Scanning pencil sketches?
 
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  1. #1
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    Scanning pencil sketches?

    Hi

    whenever I scan a pencil drawing, all the lighter lines and lighter values dissapear. even at very high resolutions it does this.

    How can I cure this?
    It's an HP scanner.

    Thanks
    Michael

    I'm trying to think... but nothing happens.
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  3. #2
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    I ran into the same problem... Tried darkening, adjusting the gamma of the scan (which DID help some), even had the idea that maybe polorazing the scanner light might help (nope),
    My solution is to use a toned paper - Stonehenge makes a print paper that's a light grey and that seems to do the trick for me.

    I'd be interested in hearing other solutions too though!

    BM

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    Hi,

    You might find this thread at Sijun Forums' Digital Art Discussion forum helpful:

    Maintaining pencil quality in scans



    Please do not PM me with Painter questions. Instead, post them here where everyone can benefit from them. Thanks!

    Jinny Brown
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  5. #4
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    Whenever I have had to scan a peice of sketchwork... I've always found myself having to get a good uni-ball pen and tediously go over ALL the lines I want to scan. Personally while I find this to be a LOT of work I find it to be effective. Unfortunately this limits me to using only one line width and darkness and all shading has to be in stipling or cross-hatching, none of the subtleties of the good old pencil drawing. It does pay off to scan your work at times... I do it both for web publishing as well as making reproductions of my original works... I feel a lot safer toying with coloring and whatnot if I know the original isn't the one I'll screw up if and when I do screw up.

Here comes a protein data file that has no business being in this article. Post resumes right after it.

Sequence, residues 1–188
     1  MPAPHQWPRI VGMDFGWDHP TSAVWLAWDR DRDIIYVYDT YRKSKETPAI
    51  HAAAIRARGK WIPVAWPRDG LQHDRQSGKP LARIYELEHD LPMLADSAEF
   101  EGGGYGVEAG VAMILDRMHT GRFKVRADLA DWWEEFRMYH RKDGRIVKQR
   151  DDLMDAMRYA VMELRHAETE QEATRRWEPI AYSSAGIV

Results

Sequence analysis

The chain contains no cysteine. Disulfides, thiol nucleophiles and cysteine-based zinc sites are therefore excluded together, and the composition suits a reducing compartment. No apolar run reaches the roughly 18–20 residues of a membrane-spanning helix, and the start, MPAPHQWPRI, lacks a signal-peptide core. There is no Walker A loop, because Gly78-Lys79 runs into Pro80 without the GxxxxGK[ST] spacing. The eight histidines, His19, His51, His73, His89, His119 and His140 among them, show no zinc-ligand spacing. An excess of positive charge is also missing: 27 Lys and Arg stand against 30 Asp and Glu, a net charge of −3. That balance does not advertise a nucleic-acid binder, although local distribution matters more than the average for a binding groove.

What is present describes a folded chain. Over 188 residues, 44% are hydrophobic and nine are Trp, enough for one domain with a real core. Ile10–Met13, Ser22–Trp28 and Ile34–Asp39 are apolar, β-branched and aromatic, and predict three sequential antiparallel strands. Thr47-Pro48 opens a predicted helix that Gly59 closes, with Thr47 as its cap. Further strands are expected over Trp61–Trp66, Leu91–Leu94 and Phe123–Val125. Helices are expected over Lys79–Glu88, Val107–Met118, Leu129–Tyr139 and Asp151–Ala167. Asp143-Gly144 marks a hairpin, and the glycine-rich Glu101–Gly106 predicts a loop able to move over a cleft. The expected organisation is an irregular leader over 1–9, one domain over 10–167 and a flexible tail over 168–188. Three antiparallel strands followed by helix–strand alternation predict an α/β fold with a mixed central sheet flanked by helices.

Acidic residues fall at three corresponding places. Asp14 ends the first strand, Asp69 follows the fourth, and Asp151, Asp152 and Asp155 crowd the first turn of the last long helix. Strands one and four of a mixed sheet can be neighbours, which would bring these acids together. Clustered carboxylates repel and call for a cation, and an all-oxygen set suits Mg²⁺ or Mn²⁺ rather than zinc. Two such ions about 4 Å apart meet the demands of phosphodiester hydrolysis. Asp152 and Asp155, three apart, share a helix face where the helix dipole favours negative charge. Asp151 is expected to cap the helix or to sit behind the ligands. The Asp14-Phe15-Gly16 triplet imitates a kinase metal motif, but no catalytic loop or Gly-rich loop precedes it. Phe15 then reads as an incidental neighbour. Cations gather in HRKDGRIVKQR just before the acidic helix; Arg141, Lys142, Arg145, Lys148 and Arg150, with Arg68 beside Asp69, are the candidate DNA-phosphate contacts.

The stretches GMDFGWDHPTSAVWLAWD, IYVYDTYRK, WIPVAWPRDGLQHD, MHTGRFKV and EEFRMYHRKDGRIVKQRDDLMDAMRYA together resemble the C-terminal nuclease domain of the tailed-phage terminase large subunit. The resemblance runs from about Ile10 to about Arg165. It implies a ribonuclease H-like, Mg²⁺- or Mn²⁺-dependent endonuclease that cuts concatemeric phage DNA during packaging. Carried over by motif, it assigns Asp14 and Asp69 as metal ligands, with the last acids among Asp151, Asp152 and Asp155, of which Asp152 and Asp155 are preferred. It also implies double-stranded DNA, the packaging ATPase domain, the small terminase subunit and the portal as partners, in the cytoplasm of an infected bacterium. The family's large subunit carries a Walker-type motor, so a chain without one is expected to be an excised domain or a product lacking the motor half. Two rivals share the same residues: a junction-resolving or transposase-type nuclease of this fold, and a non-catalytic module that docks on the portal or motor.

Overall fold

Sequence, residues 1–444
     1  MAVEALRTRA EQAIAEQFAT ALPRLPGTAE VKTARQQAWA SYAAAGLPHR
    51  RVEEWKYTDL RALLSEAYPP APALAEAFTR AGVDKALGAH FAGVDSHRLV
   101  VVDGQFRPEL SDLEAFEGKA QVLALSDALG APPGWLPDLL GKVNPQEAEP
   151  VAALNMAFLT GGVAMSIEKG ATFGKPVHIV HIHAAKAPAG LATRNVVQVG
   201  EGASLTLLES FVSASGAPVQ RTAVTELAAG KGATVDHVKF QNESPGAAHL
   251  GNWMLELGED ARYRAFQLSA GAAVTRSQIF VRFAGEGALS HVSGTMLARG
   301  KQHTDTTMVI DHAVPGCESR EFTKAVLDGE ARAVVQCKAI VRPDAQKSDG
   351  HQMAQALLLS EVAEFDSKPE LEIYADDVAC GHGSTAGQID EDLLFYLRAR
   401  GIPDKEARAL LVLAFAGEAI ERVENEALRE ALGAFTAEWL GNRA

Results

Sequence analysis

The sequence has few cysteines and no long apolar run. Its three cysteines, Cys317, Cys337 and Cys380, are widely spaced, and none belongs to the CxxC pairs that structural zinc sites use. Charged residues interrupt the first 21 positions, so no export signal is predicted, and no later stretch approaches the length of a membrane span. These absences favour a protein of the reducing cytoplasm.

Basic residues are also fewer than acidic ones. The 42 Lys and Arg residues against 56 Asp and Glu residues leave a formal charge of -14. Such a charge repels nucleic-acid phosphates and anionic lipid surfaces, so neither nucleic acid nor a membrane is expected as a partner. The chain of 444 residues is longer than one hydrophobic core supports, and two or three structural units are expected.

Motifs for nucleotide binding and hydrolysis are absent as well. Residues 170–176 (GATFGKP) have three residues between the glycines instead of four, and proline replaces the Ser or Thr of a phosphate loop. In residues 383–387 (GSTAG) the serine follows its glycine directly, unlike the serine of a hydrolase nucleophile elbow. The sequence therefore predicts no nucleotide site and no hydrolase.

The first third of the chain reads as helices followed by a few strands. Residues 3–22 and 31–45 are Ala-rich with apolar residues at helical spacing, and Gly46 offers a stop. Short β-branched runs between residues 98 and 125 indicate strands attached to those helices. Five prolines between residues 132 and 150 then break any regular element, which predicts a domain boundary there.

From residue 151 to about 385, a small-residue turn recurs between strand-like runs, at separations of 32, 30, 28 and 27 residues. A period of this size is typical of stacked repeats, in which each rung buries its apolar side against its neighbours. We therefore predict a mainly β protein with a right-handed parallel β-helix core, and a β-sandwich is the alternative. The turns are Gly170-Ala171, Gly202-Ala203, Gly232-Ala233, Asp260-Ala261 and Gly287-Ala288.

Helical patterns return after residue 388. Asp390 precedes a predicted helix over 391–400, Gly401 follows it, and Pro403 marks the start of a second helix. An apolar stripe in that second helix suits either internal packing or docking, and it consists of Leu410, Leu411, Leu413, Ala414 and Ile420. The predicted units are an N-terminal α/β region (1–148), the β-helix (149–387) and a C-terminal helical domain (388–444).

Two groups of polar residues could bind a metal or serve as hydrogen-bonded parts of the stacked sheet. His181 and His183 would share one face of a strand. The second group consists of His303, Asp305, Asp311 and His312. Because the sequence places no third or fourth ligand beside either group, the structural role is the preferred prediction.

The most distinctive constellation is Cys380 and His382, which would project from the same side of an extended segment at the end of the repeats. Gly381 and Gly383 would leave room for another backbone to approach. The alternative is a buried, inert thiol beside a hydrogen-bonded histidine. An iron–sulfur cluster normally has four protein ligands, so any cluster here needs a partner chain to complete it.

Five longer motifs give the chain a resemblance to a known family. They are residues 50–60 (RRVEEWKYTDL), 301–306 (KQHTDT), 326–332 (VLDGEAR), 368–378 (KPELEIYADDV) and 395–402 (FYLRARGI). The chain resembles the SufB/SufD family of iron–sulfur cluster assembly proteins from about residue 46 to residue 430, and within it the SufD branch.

Best of luck, I personally hope you don't have to start re-drawing every line you skecth

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    with scanning in drawings ive found the best thing to do once ou've got it into photoshop you can fiddle with the curves, bring this window up by pressing ctrl+m
    and then fiddle with the graph, usually drop the lower side to darken dark parts and depending on what you want, increase the higher levels a tiny bit too.
    i find this a really great way to adjust images, you can really fine tune colours and levels!!

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    Thanks Guys
    most of the stuff mentioned I have tried though,
    I used to ink my pencil stuff when scanning, but I specifically want penciled scans

    I see the link that Jin gave has quite a few things I haven't tried, like that tonal scale ramp (I didn't think anything like that might work). and i didn't know the scanner has a sweet spot... oh well. I shall try this

    :chug:
    Cheers

    I'm trying to think... but nothing happens.